Creating awareness of ageism and elder abuse

The Older Persons Advocacy Network presents a webinar on Tuesday 18 October. Photo: OPAN.

AGEISM Awareness Day on Friday 7 October provides a specific opportunity to draw attention to the existence and impacts of ageism in Australia.

“Ageism Awareness Day is an opportunity to draw attention to the existence and impacts of ageism in Australia, which is a critical step to changing community attitudes and building a world where all people of all ages are valued and respected and their contributions are acknowledged,” states Compass, the national online organisation navigating elder abuse in Australia.

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Compass aims to create a national focus on elder abuse by raising awareness of this growing social issue, and simplify the process of connecting people to services and information tackling elder abuse.

A call-out from Compass, ‘Ageism: End It’, looks at how ageism plays out in people’s lives.

It may be as seemingly innocuous as having a laugh at how Granddad is peering over the top of his glasses at his laptop.

Remember, Granddad has been navigating technology since manual typewriters, his failing eyesight is normal and does not make him stupid.

Less innocuous scenarios can involve bullying, intimidation and discrimination leading to serious consequences for the older person.

Ageism is a prejudice or discrimination on the grounds of a person’s age.

“It can affect how we think, how we feel and how we act towards others or ourselves based on age, it can manifest, for example, as refusing to hire or interview people over or under a certain age.

“Ageism might be about viewing older people (or yourself) as out of touch, less productive or less valuable.”

Compass says ageism is a highly accepted form of prejudice in Australia and alarmingly on a global scale one in two people are considered ageist.

That’s half of the world’s population that hold negative attitudes about ageing and older people.

“In Australia, we’re leading the world in learning how to end ageism, but we still have a long road ahead in changing social attitudes,” states Compass.

The Coffs Harbour Older Women’s Network (CH OWN) believes ageism has an impact on everyone and is something the organisation will be addressing going forward.

CH OWN spokesperson Lorraine Penn told News Of The Area, “Older women have many years of work experiences and knowledge and are willing to share/mentor younger women, as experienced during a Focus on the Future Through Mentoring Forum CH OWN held during International Women’s Week.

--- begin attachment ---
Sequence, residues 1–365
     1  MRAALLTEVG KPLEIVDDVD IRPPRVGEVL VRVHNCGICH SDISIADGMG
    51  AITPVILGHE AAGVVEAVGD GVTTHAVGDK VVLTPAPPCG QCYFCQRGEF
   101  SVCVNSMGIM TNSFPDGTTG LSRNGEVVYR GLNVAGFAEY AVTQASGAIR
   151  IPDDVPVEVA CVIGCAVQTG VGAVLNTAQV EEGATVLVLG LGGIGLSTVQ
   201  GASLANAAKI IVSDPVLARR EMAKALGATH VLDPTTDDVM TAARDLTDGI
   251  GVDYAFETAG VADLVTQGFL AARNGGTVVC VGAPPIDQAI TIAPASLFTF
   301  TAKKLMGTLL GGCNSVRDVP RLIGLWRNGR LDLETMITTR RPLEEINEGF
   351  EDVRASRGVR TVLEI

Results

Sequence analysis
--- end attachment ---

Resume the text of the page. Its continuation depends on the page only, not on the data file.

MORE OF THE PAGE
“For this we collaborated with Toormina High School to source younger women to participate in an interactive event, including workshopping methods of empowerment, building confidence and sharing knowledge with older business women.

“It is how you are prepared to assist and share knowledge that makes the difference.

“Older women are the untapped resource that businesses need to acknowledge and employ effectively,” said Lorraine.

For more on CH OWN visit” rel=”noopener” target=”_blank”>

The Older Persons Advocacy Network (OPAN) has an online community, a support line (1800 700 600), services to help you know your rights, online conferences and talk sessions.

“Whether you live in the community or in an aged care home, we are here to listen and identify solutions that put your needs first, supporting you to stay in control of your aged care,” states OPAN.

OPAN is presenting an Ageism Awareness Day Roundtable webinar on Tuesday 18 October at 2pm.

Register for the free event at

EveryAGE Counts is an advocacy campaign aimed at tackling ageism against older Australians: see

EveryAGE Counts co-chair and former federal Minister Robert Tickner has commented on Ageism Awareness Day as an important initiative which sees many individuals and organisations around the country having conversations about ageism and its impacts.

“The proportion of the Australian population over 65 has doubled from eight percent to fifteen percent over the past 50 years,” he said.

“We can’t keep discriminating against a fifth of our population.

“We need to update our attitudes, structures, and practices.

“Of course, the responsibility to act lies not just with those who experience ageism, but with everyone else.

“Discrimination and prejudice survive when we turn a blind eye or allow it to go unchallenged.”

Seniors Rights Services is a free confidential service protecting and advancing the rights of older people, particularly vulnerable and disadvantaged groups: phone them on (02) 9281 360.


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